Fully half of Uzbekistan’s exports go to just four markets: Russia, China, Kazakhstan and Turkey.
Addressing government officials on January 18, President Shavkat Mirziyoyev said that needs to change, especially since those countries have been battered to varying degrees by economic fluctuations.
“Due to devaluation in countries that are our main markets, as well as conflicts in the world and logistics, exports to [those countries] have diminished,” Mirziyoyev was quoted as saying by his press secretary, Sherzod Asadov.
Mirziyoyev said that the target going forward should be to increase the overall volume of exports by 30 percent annually.
The timer has been set for Jamshid Khodjayev, the deputy prime minister with the portfolio for investment and foreign trade, to start putting Uzbekistan on that path.
“If he does not make changes by the end of this quarter, his suitability for that position will be reconsidered,” Mirziyoyev said.
To show he was serious, the president gave deputy Investment, Industry and Trade Minister Badriddin Abidov the chop on January 18, citing shortcomings in his work. Mirziyoyev also fired numerous local officials who he said had allowed foreign trade done by their regions to decline.
Official data for January-November 2023 show that Uzbekistan’s trade turnover increased by 26.2 percent, up to $57.3 billion, compared to the same period the year before. Of that total, $23.2 billion were exports.
China accounts for 21.3 percent of trade, but exports to China dropped by 9.6 percent (to $2.3 billion) over that 11-month period. That trend has been caused to a considerable degree by the reduced amounts of natural gas that Uzbekistan is able to sell abroad.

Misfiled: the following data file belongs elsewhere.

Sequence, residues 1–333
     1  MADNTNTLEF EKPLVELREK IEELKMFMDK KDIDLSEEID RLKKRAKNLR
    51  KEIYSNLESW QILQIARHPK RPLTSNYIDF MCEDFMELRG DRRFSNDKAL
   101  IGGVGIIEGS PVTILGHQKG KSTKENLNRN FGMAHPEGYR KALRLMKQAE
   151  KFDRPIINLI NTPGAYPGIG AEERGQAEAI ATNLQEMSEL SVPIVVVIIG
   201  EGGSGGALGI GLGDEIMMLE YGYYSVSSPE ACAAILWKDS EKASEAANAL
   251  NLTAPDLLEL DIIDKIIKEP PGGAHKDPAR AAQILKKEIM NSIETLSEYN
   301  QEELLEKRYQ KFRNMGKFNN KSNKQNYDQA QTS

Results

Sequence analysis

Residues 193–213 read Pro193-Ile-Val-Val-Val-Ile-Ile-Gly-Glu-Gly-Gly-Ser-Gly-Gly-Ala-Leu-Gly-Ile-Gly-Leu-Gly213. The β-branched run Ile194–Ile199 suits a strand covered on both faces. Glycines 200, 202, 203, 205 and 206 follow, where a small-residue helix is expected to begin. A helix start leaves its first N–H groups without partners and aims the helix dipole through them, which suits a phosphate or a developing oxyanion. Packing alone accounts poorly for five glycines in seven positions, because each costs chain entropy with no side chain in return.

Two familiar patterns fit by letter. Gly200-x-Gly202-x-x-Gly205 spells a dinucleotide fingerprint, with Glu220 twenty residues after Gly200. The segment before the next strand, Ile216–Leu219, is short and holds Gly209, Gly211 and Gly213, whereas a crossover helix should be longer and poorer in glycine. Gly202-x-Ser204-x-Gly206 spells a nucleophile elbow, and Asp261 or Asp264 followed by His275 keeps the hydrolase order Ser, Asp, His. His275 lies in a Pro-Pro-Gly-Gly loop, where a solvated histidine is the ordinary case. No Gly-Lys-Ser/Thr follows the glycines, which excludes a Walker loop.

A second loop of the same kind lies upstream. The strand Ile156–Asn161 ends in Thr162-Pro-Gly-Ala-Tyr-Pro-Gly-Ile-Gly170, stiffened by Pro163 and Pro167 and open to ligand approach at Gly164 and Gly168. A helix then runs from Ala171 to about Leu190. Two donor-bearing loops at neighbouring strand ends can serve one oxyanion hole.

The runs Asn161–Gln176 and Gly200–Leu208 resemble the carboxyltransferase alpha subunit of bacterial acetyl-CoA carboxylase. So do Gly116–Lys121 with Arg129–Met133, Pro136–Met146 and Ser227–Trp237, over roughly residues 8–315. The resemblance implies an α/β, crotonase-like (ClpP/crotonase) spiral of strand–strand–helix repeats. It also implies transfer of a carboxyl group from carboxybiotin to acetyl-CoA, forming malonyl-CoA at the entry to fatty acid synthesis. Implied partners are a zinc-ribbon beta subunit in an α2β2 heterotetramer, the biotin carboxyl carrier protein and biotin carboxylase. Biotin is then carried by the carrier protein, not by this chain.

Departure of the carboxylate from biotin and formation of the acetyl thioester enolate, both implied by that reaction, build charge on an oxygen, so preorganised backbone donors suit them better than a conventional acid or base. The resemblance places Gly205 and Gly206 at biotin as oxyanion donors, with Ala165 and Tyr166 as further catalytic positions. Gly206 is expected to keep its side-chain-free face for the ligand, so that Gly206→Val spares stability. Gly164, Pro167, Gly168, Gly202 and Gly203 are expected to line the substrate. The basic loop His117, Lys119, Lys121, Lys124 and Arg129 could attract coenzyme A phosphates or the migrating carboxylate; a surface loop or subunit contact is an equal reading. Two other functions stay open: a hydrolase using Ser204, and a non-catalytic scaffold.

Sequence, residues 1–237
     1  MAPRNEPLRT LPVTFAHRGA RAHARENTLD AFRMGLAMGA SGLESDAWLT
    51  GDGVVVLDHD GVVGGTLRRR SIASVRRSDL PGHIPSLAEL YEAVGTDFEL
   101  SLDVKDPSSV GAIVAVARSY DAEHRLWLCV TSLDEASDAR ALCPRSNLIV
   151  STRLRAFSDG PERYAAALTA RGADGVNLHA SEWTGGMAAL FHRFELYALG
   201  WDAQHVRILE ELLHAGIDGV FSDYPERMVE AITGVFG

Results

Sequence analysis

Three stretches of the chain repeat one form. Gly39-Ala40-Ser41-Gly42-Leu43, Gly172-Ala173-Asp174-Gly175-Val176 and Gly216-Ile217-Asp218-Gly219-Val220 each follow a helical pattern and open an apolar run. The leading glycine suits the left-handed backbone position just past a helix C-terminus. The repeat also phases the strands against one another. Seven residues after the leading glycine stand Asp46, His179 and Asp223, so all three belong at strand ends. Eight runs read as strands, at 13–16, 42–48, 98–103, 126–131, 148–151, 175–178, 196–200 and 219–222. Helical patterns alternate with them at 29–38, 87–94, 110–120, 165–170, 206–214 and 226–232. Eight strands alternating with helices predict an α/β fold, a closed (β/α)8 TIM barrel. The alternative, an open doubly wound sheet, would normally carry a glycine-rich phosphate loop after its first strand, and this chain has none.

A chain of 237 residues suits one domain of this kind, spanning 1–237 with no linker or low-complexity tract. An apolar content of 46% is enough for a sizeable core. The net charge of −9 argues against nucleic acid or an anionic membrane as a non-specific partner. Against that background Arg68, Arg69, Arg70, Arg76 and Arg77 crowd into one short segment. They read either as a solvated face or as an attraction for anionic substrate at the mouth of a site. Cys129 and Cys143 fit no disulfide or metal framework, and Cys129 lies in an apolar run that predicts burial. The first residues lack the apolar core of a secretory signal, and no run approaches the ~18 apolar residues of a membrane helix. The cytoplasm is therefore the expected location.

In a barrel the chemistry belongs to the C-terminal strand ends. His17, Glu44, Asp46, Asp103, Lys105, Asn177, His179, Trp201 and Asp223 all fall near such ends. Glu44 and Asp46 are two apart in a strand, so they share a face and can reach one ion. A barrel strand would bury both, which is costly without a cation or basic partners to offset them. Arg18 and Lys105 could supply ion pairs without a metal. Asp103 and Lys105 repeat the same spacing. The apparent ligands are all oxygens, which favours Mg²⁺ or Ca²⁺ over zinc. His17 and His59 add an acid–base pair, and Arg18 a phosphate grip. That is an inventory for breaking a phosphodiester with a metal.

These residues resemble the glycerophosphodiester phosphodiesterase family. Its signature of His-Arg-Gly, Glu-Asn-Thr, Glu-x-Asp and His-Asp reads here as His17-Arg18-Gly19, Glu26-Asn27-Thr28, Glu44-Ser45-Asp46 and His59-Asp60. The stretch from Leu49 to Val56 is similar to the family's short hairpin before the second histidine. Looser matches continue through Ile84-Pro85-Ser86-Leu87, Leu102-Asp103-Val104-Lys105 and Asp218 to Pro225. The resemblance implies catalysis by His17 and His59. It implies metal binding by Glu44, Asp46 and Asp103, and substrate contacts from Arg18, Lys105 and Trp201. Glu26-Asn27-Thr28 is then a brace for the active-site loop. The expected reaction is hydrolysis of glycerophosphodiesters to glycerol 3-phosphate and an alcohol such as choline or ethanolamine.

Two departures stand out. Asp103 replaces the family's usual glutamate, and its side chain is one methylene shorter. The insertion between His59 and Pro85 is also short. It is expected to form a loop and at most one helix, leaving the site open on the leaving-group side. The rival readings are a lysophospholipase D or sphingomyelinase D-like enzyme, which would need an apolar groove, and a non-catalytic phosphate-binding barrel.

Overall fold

Mirziyoyev has attributed failure to advance the export agenda to inefficiencies in the system.
The presidential administration says that $200 million have been set aside as export credits, but that the officials responsible for overseeing the allocation of these resources have not been up to the job.
Prospective exporters are also failing to do their bit. There were 31 enterprises that received a total of 4.5 billion sums ($360,000) of financial support last year to help implement international certification protocols, but they failed to export any goods, Mirziyoyev’s office said.
In another bureaucratic shake-up, the Export Promotion Agency — a body created in late 2018 that Mirziyoyev dismissively described as a bean-counter that arbitrarily hands out money — will be replaced by something called the Trade Development Company, which will operate within the framework of World Trade Organization requirements.
Uzbekistan is currently in the process of seeking accession to the WTO.
Under the incoming dispensation, only exporters able to show that they propose to go to foreign markets with high value-added products will be eligible for subsidies, loans and other forms of assistance from the yet-to-be-created Trade Development Company.